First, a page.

Given what you've said about your sibling, my advice is that you view a hotel as a mental-health medical cost. In other words, a necessity. If you needed your leg amputated, you wouldn't be knotting over whether you could afford it, because you'd need it. Frame this hotel room in those terms. Now, if you truly can't afford it, then so be it. But if you're not already on a ramen diet and adopting one for two weeks would cover the lodging, then there's your solution. Box up a few of the household appliances you don't use anymore. See if there's a local bookstore that buys used books. Etc.

Personally I'm a drive-home-afterward person. I've attended two weddings in the past two years where most guests stayed over afterward, and instead I drove the couple hours home. That's just my preference. Maybe that's an option for you as well. Reading everything you've written, I would encourage you to find a way to comfortably attend the wedding. Good luck. I'm sorry about your sibling drama and I hope it works out amicably, soon.
posted by cribcage at 11:19 PM on July 31 [8 favorites]


The couple getting married will remember a thoughtful gift and letter with a nice dinner later on as a newlywed couple as much as your presence at the ceremony, and with far less stress for you. Definitely decline without citing the drama, just say work stuff and don't post anything to social media that weekend that contradicts that.
posted by viggorlijah at 11:37 PM on July 31 [11 favorites]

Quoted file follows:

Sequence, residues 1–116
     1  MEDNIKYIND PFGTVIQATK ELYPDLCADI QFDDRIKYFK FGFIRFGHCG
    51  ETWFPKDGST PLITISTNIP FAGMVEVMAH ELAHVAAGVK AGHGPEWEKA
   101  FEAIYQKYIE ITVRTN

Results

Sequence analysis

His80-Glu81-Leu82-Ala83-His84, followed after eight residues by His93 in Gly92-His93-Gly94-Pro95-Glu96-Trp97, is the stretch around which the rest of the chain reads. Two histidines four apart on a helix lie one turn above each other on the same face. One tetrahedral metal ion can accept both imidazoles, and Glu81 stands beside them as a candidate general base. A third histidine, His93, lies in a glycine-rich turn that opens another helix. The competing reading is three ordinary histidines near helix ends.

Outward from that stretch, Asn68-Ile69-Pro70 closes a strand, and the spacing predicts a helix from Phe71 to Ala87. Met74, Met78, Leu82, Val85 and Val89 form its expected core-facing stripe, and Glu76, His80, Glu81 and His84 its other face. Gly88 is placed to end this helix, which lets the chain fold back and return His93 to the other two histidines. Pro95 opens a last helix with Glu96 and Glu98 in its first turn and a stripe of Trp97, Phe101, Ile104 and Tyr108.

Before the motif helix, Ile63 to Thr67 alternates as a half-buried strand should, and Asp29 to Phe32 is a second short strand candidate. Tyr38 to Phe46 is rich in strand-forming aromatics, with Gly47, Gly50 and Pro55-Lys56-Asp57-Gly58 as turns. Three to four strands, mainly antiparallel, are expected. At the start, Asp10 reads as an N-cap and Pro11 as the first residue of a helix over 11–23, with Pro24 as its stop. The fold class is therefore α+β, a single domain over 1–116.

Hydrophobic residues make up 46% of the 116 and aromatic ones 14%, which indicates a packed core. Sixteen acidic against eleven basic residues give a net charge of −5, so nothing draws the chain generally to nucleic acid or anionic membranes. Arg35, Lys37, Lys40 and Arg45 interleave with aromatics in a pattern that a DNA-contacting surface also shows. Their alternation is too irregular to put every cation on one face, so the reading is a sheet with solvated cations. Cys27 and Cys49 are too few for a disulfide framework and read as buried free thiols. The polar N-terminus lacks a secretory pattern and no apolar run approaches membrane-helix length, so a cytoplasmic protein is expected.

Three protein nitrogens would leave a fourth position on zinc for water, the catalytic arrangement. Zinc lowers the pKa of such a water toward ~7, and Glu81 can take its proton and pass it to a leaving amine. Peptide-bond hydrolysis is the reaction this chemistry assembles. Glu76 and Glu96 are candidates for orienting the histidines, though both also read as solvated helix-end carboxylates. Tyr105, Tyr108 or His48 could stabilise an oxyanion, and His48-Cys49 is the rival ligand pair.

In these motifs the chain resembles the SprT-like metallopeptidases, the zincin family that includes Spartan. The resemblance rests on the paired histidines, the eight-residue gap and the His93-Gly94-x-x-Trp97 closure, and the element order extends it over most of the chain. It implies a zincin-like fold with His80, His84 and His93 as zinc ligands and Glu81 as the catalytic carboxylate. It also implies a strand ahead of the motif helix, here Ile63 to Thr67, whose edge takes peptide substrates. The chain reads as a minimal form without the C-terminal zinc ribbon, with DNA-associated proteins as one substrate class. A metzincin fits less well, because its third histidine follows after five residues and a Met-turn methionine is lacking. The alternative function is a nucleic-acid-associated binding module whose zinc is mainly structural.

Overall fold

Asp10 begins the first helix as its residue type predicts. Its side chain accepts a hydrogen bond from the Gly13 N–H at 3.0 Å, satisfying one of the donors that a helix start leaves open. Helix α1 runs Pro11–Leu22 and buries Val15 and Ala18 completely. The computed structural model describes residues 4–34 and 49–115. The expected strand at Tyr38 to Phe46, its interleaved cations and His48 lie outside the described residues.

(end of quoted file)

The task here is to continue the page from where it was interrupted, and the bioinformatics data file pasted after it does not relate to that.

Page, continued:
You have the rest of your life to reconnect with your sibling. There is no rush. When you are truly ready, you can choose to do so on terms that are healthy and safe for you.

This wedding has too many variables that are out of your control for it to be that safe, healthy opportunity. I agree with others who have said that it would be best if you declined, and made other plans to get to know these folks under less-stressful circumstances.

If this were just a minor spat between siblings, I might suggest going; but the fact that your sibling's behavior caused you such emotional harm that you had to seek help...I think being protective of your new-found health and mental balance is too important to risk.

There's no upside to forcing the issue. There will be a better time and place for a reunion, if/when you want it, at some point in the future.
posted by nacho fries at 11:40 PM on July 31 [3 favorites]


If the wedding isn't close enough to you that you can go home afterwards, it's not located very close to you at all - and this is sufficient reason to decline the invitation.

It takes two people for sibling to stress you out - sibling to do [whatever] and you to allow it.

Stop allowing it. By whatever means necessary, including avoidance.
posted by stormyteal at 12:06 AM on August 1 [3 favorites]


Hi Anon

I think the people telling you not to go, or to drain your resources to rent a hotel, don't understand how many times in the past you may have had to change your plans or reduce your expectations for joy because the presence of dip-stick sibling was going to ruin your experience anyway. But there comes a time when going and dealing becomes righteous rebellion.

I too have a shitty sibling whom I have to interact with on occasion and I remember reading a question like yours a few months ago... here it is. It may have some answers that help.